Another fan-favorite from Season 1 returned to "World of Dance" on Tuesday night where they faced their biggest challenge yet after an injury nearly sidelined their dream.
But they weren't the only dancers to blow away the judges with their poise and grace under pressure. A pair of ten-year-old world champions brought one of the tightest jives reality competition television has ever seen, while other new styles of dance were represented, including afrodance and "heels" dance.
It was another hot night of competition as the Qualifiers roll on, and with each passing night we are learning more and more that the Duels are going to be more brutal than ever. There are some damned fine dancers on this show!
Dancers are divided into four categories: Junior (17 & Under, 1-4 Dancers) and Upper (18 & Older, 1-4 Dancers). First up it's the Qualifiers, a free-for-all round, with no head-to-head competitions. But acts need to score 80 points out of a possible 100 to advance to the next round. Each act is judged 0-20 points in each of five categories for a possible total of 100 points.
A quick reminder about me: I spent nearly a decade of my life sweating and bleeding to the music as a dancer, all for this moment: armchair judging a dance competition. From a young boy learning a shuffle-ball-change to performing with the St. Louis Ballet Company, I experienced the ups and downs of one of the most difficult physically demanding sports on the planet.
Fair warning, since I'm safe at home, I'm probably going to be a little harsher than my colleagues Ne-Yo, Jennifer Lopez, and Derek Hough. But I might be nicer, too. Maybe.
(Upper Team) Professional backup dancers came together to form this contemporary supergroup, including one guy who's danced with J.Lo. This time, he choreographed and danced for her and it was a pretty impressive debut. "Now I get to tell you what I really think," she told him. But it was all good news, as the judges praised their musicality and strong choreography. There were a few times it felt like maybe the group is a little too large at thirteen dancers, but then they'd create stirring visuals and powerful imagery as a wall of synchronous movement and I was telling myself to shut up. There was definitely some interesting stuff going on, some nice technique and creative use of one another throughout.
(Junior) This ten-year-old ballroom pair has already won multiple championships, and on top of that, Daniel bears an uncanny resemblance to one Derek Hough. But the resemblance isn't just physical, as these kids absolutely slayed that jive, with impeccable carriage, poise, grace, lines, just everything. It's a shame this and "Dancing with the Stars" are on different networks, as this pair could give lessons to the "DWTS" celebs. I can only imagine the greatness ahead for them as they continue to grow bigger, stronger and more mature as dancers. Just wow!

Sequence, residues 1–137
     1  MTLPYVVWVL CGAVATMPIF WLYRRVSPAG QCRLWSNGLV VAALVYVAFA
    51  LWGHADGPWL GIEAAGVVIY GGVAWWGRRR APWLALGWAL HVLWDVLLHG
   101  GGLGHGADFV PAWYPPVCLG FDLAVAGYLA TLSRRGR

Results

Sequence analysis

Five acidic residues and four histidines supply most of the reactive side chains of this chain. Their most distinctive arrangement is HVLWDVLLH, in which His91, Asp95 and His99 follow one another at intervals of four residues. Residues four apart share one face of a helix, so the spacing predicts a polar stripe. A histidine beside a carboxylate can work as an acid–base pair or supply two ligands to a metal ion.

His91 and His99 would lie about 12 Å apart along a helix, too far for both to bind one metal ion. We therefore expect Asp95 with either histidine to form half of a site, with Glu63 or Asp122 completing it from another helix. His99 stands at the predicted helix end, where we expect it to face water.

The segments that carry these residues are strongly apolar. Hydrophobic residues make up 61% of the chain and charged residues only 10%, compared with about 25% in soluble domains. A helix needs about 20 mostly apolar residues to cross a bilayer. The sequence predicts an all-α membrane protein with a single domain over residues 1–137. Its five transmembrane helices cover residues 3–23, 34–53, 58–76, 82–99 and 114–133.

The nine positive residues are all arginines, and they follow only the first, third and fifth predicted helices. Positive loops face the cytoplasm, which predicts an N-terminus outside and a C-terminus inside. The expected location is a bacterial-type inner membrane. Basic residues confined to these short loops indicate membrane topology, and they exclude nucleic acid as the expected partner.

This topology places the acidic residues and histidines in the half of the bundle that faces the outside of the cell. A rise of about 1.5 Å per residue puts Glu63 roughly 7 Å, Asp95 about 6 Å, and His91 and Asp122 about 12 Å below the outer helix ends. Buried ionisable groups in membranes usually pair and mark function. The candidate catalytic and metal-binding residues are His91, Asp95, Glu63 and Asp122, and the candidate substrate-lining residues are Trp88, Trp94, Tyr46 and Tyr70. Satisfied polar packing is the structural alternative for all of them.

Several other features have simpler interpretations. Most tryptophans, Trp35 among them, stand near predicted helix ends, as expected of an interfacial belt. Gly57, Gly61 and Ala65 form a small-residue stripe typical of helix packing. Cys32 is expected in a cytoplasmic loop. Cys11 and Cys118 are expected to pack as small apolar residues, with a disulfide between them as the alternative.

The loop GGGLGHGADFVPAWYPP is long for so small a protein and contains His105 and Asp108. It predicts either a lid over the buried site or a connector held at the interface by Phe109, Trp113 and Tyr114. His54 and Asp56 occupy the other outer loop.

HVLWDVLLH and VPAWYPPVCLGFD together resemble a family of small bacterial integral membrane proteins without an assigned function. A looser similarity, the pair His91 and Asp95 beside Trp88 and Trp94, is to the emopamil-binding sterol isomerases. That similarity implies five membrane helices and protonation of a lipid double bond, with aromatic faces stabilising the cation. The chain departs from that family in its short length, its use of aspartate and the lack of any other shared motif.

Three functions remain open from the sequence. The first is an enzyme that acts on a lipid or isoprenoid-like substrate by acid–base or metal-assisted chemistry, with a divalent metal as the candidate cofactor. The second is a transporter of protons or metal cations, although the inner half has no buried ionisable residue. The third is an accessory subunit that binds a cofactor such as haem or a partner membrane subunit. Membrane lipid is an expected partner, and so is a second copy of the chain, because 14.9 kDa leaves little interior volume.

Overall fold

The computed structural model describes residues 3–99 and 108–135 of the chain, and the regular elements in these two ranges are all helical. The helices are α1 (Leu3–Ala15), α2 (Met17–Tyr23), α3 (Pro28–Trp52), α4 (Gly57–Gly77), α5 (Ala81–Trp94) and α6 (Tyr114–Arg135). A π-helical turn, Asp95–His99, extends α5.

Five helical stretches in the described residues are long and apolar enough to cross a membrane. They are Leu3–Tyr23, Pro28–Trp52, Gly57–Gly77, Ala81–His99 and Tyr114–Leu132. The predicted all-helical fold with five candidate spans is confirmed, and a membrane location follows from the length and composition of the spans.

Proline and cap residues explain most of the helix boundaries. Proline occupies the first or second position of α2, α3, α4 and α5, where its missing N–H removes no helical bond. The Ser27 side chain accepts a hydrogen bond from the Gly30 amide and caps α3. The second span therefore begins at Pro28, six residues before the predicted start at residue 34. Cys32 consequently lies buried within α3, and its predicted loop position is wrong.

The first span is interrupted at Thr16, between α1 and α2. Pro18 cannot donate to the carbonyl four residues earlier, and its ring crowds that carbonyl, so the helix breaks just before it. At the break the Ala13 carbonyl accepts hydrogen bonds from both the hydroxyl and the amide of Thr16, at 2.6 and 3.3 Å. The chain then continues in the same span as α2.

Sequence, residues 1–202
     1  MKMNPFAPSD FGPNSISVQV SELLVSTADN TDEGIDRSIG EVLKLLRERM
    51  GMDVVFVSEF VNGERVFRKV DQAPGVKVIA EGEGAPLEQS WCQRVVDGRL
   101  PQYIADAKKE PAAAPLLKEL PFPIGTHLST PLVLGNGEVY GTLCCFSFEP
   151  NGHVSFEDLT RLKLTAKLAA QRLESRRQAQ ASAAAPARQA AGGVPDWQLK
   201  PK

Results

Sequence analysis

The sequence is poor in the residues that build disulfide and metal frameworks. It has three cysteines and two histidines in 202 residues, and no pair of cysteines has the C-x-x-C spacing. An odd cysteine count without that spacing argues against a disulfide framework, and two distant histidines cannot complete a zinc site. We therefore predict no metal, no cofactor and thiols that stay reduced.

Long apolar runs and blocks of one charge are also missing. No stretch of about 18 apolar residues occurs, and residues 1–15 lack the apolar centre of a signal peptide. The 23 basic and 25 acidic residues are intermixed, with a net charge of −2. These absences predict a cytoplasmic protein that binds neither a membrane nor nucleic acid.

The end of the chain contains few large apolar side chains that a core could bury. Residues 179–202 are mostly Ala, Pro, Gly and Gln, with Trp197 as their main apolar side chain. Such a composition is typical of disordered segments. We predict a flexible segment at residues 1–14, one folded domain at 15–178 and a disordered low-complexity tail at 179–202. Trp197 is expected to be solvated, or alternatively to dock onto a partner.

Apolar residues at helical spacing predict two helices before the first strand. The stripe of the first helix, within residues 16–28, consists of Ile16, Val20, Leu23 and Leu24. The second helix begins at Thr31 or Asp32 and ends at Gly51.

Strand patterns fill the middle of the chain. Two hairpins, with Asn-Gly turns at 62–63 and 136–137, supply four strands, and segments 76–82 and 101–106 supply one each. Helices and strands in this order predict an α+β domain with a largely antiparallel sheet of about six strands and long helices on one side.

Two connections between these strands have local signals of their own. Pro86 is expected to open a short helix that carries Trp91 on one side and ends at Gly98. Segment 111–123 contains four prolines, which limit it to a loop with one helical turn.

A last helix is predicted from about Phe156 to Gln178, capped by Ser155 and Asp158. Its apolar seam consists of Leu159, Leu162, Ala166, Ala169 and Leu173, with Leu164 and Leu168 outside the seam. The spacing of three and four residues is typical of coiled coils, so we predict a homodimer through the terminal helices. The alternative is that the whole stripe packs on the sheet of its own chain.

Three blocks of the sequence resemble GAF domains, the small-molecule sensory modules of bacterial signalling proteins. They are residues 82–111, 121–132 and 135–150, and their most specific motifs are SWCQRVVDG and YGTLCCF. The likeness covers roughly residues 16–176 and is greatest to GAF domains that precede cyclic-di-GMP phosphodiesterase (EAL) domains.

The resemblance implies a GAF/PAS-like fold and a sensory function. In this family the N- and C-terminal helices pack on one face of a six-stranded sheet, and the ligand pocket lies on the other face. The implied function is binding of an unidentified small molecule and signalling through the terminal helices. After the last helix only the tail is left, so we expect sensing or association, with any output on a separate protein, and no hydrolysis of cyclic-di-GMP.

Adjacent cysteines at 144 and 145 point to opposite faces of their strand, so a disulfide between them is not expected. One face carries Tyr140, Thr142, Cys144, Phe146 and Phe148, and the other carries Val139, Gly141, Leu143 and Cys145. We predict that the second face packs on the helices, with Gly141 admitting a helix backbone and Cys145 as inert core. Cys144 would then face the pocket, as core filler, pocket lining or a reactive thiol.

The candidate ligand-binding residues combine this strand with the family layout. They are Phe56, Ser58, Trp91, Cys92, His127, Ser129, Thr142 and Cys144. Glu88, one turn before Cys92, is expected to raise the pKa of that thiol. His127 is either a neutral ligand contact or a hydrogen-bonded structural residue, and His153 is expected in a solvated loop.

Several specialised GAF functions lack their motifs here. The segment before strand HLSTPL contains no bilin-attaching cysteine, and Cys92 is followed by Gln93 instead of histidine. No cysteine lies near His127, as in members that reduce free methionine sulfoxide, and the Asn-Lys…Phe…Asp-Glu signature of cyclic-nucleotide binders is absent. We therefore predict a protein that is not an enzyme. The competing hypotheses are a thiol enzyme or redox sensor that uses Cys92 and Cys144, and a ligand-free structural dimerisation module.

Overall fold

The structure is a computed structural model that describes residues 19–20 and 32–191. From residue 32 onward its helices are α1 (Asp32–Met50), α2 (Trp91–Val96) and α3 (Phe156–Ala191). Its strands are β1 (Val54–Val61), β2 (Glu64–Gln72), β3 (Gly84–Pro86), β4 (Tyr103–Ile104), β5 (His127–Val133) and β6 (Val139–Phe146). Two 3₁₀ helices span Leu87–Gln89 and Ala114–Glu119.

(Upper Team) This group actually described their style as "heels," even though ballroom dances on heels. The difference, though, might be that these look like 6" stilettos and they are so very thin. Some ladies can barely walk in those, much less dance. Honestly, it was like nothing I've seen in a competition. Channeling more the dancing seen in music videos and concerts, their musicality and sensuality of movement was off the charts, and Marissa choreographed some really clever groundwork. Usually breakdancers are the ones doing so much work on the floor, but these girls got down and dirty and brought it. It was tight, visually exciting, totally engaging and mesmerizing to watch. I couldn't wait to see what they would do next.
(Junior) There is a sinuous quality to her movement that helps her to stand out a bit from traditional contemporary, but in a competition that includes Season 1 runner up Eva Igo, this has got to be flawless. Madison was a bit wobbly at two points through that performance, and her visuals weren't as strong or striking as they could have been. Plus, I felt a little bit of repetition in some of her tricks. She's going to need to really focus on her choreography and finding what she wants to say through dance so her performance sells that story.
(Junior) This foursome is still pretty unpolished, or maybe they just bit off a little more than they can chew, but there are some elements that were a lot of fun. Their groove segment was much tighter and stronger than their harder hitting moments, as they haven't yet been able to match one another's intensity. Somersaults were out of synch, and the energy levels across the group were inconsistent at times. I loved their stank face to start out, and their attitude is in the right place, but they're just not quite ripe yet for me, though the judges totally disagreed.
(Upper Team) This group brings afrodance to America through instruction and performance, and then gives back to Africa proceeds from their work. While it was entertaining to watch, this is a competition and they didn't bring nearly enough to really standout. Competition choreography is different than performance or teaching choreo, so if they move on they realy need to think about wowing the judges and audiences each time. There were no moments that blew me away with strong visuals, difficulty or intricate technique. It was just kind of there.
(Upper Team) Back for a second shot after getting booted at the Duels, Royal Flux was three hours from performing when one of the girls fractured her foot. She was nevertheless determined to try and perform on one foot if she had to, and so she did. They clearly did some tweaking of their intricate choreography to better accommodate her injury and keep her off of that foot more, but it was barely noticeable. On top of that, it was a brilliantly creative piece that was performed nearly to perfection. With so many moving parts it was impossible to see it all, but a routine well worth a rewatch. That's how you persevere through anything to pursue your dreams.